The unusual bespectacled face of a little 40-year-old man with a black cap atop his head leaving Auschwitz together with surviving children is captured in one of the most famous photographs of the 20th century. His tiny body is seen onscreen leaving the camp every day in an endless loop at the Auschwitz-Birkenau Memorial and Museum.
Far from being forgotten or remembered only as prisoner A-7740, Ludovit Feld (or Lajos Baci – Uncle Lajos) is, twenty-five years after his death, widely recognized and even revered.
This little giant of an artist spent his entire life painting and portraying the people and daily life in his beloved Kassau (Kosice) – the second-largest city in the eastern part of Slovakia, known for its rich Jewish history. He was also an art teacher who taught children how to draw with their heart and many of his students made names for themselves in the world of art.
Feld had three strikes against him: He was a Jew, a dwarf, and poor. The ninth child in his family, he was the only one stricken with a handicap. As an adult he barely reached a height of four feet and the bullying he suffered during a time of growing anti-Semitism was almost too much for his small shoulders to bear.
In the spring of 1944, when he turned 40, Feld’s family and the other Jews in Kosice were loaded onto truck beds and driven to Teglagyar (“brick factory” in Hungarian) on the outskirts of the city, which served as a Jewish ghetto. Nearly thirteen thousand Jews were crammed into that small area.
As it turned out, Ludovit’s name was not on the deportation list due to the intervention of an art student of his who happened to work as a typist in the local Gestapo office. She deliberately omitted his name in the hope of sparing him from almost certain death.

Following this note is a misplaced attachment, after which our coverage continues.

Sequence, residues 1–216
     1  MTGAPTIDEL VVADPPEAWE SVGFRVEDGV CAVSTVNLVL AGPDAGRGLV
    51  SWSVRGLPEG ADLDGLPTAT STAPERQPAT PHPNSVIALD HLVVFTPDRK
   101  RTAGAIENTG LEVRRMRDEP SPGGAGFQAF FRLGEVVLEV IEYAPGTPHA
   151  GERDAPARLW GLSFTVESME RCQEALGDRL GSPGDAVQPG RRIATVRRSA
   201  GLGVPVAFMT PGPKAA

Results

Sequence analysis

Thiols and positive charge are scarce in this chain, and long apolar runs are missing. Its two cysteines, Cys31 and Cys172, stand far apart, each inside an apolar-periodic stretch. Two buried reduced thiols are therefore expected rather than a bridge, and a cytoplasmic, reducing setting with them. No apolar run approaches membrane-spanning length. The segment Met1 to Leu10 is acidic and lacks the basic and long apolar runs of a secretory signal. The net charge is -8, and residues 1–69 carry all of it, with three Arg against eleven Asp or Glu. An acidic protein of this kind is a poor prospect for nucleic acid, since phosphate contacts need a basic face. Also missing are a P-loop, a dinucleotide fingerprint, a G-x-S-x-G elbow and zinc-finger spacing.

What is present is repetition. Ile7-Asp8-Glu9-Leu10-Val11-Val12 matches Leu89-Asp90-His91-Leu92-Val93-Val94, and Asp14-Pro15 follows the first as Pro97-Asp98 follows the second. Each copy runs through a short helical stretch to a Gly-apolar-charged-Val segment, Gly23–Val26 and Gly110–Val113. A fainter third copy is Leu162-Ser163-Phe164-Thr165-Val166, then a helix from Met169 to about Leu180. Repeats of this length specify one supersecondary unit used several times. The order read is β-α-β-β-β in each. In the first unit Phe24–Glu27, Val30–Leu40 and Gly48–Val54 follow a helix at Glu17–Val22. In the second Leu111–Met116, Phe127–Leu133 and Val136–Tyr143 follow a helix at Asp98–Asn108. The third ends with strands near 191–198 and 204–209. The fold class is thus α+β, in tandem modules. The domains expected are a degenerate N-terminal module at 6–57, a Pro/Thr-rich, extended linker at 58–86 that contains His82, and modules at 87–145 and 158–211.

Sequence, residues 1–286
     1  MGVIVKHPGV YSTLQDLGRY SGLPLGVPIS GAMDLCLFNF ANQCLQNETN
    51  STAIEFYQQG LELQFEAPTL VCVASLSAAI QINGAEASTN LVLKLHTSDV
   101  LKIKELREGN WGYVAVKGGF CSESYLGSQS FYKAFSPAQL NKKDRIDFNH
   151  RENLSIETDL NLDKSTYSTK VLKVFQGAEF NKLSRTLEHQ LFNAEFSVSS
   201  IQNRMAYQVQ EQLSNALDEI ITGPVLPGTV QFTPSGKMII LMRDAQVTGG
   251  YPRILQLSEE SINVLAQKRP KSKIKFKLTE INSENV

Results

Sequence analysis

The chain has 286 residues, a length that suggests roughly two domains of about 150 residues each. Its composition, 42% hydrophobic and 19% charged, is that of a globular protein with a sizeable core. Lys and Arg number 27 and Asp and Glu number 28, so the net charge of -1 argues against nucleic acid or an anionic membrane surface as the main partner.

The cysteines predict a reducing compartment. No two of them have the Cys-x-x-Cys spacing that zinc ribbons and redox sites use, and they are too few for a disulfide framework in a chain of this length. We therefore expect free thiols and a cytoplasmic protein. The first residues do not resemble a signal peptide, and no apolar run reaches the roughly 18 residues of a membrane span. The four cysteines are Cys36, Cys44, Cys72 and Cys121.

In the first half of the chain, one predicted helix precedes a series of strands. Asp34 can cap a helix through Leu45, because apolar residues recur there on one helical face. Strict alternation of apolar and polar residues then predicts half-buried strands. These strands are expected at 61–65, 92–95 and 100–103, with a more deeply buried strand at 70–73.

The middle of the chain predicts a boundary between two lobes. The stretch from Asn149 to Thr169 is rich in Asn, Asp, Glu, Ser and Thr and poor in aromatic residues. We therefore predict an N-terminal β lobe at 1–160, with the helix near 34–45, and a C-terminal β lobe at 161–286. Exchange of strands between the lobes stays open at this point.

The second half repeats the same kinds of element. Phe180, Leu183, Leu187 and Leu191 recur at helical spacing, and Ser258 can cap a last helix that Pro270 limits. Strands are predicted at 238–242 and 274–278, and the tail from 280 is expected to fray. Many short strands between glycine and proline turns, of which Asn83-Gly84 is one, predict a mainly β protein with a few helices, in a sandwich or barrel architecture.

Family was very important to Ludovit, so after a sleepless night he filled his little backpack with art supplies and walked to the brick factory ghetto. His family was happy to be reunited with him but knew his chances of survival were much greater outside the ghetto gates. Every day he would sit on his little stool drawing countless scenes of daily life in the ghetto, portraying the despair and the grief and the ever-present armed guards.
When they were deported to Auschwitz, Feld, because of his size, was assigned to the children’s barracks housing the twin boys known to history as the “ Twins of Auschwitz,” victims of the unspeakably sadistic experiments of the infamous Dr. Josef Mengele. Although he never had any children of his own, Feld became a father figure to all the twins. He rescued fifteen boys he believed wouldn’t survive the last death march by hiding with them for ten days and nights under the lowest bunks on the frozen ground. The boys in their testimonies all referred to Ludovit as their savior.
It was in Auschwitz that Mengele discovered Feld’s talent and, together with Czech artist Dina Gottlieb and Polish photographer Wilhelm Brasse, became part of the team drawing and documenting the doctor’s hideous experiments. Because Feld was a dwarf he was also subject to Mengele’s depravity. Adding insult to injury, Mengele demanded that Feld draw portraits of him so often that Ludovit could practically do it with his eyes closed.